If you’ve ever looked at the bottom of a TI graphing calculator, there is a little opening that looks like a headphone jack. It’s actually a data port that is used to connect graphing calculators together to allow them to exchange information. If you’ve ever looked at the side of a DSLR (like the Canon Rebel XT I just mentioned), you’ll notice another opening that looks exactly like the one on the TI graphing calculator. The difference is that this jack is used to connect a wired remote to the camera to allow you to take pictures without touching the camera. All that this remote has to do is send a little electrical signal (any electrical signal; it’s not picky) and the camera will snap a picture. Usually, that’s accomplished by pressing a button on the remote, but instead of a remote, I used my graphing calculator.

Sparing the details, I typed in the following program written in TI-BASIC into my calculator:

:Prompt A
:While 1

What this program basically does is ask you to input a number, A, which denotes the amount of “time” you want to pass before it sends the signal to the camera to take the picture. After this amount of “time” elapses, the program will output an electrical signal through to the camera causing the camera to snap a picture, and then it will restart the timer and continue counting until it reaches the value of A again. This loop continues until you interrupt it by pressing the ON key on the calculator.

The result of running this program is a series of photographs stored on the camera that you can stitch together to form a time-lapse video. (In HD nonetheless!) QuickTime has a useful little function called “Open Image Sequence…” (found in the File… menu) that I used to accomplish this task once I imported all the pictures into my computer. This produced a very, very large video that I downsized and compressed to give the final result.

You can see a couple of blurry pictures of my setup in the gallery below.

  • Camera Setup 2
  • Camera Setup

Captivating Internet Minutiae

I can’t claim to know much about how the Internet works. Every time I research the subject, I come across new complexities that have always been there but I never knew existed. I’m just glad that there were (and still are) a few geniuses that were astute enough to put all these technologies together to make the World Wide Web for all of us to enjoy.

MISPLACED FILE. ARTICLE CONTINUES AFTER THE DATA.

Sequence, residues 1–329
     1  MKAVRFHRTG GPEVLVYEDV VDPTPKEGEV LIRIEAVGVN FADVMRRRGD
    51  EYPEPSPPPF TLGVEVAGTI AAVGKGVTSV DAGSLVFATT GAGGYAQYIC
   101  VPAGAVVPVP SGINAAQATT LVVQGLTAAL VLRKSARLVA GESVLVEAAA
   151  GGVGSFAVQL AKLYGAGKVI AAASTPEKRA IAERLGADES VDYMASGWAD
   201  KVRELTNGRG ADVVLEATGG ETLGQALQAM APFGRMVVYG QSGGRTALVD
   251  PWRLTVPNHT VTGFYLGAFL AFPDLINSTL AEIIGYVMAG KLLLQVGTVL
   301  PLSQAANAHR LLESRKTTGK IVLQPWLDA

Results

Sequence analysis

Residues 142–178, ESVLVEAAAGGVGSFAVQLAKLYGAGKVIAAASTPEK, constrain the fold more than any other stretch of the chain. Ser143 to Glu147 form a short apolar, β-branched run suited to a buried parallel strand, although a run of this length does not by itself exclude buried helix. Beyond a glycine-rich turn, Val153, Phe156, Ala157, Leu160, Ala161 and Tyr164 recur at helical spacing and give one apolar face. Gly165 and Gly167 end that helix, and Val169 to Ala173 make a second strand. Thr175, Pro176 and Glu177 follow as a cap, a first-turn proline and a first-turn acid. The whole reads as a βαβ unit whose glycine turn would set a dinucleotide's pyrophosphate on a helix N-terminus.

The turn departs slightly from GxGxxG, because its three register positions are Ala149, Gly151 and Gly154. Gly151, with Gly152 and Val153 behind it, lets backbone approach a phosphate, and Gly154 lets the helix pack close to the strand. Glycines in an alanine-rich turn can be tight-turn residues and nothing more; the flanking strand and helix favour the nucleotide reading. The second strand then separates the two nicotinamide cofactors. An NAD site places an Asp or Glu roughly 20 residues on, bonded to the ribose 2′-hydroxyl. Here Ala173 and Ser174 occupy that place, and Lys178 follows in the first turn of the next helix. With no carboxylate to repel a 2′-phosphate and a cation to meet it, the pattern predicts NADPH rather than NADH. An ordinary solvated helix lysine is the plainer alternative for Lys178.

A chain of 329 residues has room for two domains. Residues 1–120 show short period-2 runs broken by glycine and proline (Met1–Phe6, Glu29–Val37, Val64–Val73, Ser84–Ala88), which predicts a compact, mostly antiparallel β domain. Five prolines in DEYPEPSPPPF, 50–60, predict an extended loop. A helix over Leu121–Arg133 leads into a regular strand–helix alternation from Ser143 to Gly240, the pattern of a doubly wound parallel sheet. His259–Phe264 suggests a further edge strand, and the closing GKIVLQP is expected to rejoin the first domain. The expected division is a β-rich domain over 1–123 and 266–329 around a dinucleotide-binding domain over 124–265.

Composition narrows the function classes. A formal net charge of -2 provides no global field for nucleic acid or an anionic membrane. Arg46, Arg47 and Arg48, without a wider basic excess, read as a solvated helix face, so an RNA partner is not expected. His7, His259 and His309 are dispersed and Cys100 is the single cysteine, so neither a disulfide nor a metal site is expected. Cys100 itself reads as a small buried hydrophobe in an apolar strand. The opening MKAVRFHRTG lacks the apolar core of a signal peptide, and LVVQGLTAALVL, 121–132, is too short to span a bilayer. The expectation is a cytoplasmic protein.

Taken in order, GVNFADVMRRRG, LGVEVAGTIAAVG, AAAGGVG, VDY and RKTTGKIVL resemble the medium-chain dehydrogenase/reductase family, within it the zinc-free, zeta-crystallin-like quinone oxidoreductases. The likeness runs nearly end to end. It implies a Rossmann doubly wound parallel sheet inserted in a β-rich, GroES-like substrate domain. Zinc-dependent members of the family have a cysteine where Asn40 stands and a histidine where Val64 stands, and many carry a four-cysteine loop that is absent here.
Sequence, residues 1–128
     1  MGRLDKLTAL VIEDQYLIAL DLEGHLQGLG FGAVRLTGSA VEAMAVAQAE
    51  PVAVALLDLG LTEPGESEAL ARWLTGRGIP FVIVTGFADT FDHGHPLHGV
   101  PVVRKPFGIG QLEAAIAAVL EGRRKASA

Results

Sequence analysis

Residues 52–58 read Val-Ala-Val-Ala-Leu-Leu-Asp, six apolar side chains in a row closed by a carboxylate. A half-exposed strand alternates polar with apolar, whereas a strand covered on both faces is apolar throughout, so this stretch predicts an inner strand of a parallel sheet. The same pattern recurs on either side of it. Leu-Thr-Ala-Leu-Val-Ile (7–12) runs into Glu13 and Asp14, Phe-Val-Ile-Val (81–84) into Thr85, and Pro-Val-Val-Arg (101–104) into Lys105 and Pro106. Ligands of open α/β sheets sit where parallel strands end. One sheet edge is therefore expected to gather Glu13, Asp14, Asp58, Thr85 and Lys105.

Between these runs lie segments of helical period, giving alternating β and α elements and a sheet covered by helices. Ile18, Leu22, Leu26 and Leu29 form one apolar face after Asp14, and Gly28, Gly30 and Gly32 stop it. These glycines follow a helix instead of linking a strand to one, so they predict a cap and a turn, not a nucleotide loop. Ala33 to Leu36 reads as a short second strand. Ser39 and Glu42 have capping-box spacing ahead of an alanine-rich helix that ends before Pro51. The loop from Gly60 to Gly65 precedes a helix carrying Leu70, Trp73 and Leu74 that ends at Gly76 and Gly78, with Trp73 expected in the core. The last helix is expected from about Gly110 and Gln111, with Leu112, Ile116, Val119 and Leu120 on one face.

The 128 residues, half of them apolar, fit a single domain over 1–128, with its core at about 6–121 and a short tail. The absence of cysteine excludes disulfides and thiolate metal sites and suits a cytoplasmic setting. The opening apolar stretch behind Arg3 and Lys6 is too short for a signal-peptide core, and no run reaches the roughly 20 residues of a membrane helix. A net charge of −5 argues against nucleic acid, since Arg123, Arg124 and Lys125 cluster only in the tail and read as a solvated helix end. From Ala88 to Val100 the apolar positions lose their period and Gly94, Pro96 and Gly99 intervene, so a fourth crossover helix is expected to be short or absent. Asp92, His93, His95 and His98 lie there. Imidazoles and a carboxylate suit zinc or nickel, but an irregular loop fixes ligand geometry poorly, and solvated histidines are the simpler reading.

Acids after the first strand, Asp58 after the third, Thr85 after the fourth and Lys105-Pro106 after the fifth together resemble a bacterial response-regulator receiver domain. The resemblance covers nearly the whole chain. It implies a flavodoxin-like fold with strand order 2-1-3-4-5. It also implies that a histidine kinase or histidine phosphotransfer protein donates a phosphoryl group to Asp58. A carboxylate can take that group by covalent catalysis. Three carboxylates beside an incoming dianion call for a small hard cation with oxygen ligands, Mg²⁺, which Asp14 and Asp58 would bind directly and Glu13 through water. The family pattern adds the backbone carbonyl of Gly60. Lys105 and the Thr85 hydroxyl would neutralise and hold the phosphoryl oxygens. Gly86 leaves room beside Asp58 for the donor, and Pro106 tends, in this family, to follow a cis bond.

While researching ideas for new domain names, I came across an interesting find. More specifically, I was wondering what Top-Level Domains were available for creating new domain names. Top-Level Domains (also known as TLDs) are that part of a URL after the last “dot.” For example: .com, .org, .gov, and so on. I thought it would be cool if I could have a custom TLD like .sarmiento or something like that, then the address to my Web site could look like mh.sarmiento or just hiram.sarmiento.

Much to my surprise, I found that ICANN (the organization responsible for handling the creation of new domain names) announced last June that it will begin to implement a system to allow users to apply for the creation of a new TLD. So, Microsoft could, for example, apply for .msn, Apple could apply for .mac, and I could apply for .sarmiento. Well, I’m not exactly sure if ICANN will accept applications from individuals, but it would be nice. The applications are expected to be available in the second quarter of this year.

Though creating new TLDs might not seem important at first (no one wants to develop more ways to cause chaos on the Internet, after all), it will actually serve to better organize the Internet. For example, people who wanted to research photography could look for sites ending in .photo instead of the generic .com. Another benefit that arises from registering new TLDs is internationalization (meaning that people in other countries can register custom TLDs in their own language), and that leads me to my second interesting find.